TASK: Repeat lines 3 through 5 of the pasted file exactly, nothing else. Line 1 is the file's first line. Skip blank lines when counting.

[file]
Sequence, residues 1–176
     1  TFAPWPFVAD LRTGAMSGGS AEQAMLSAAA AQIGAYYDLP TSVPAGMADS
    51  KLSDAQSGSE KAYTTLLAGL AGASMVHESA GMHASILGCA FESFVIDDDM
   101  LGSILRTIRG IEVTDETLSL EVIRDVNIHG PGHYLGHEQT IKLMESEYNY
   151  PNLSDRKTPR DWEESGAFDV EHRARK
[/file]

    51  KLSDAQSGSE KAYTTLLAGL AGASMVHESA GMHASILGCA FESFVIDDDM
   101  LGSILRTIRG IEVTDETLSL EVIRDVNIHG PGHYLGHEQT IKLMESEYNY
   151  PNLSDRKTPR DWEESGAFDV EHRARK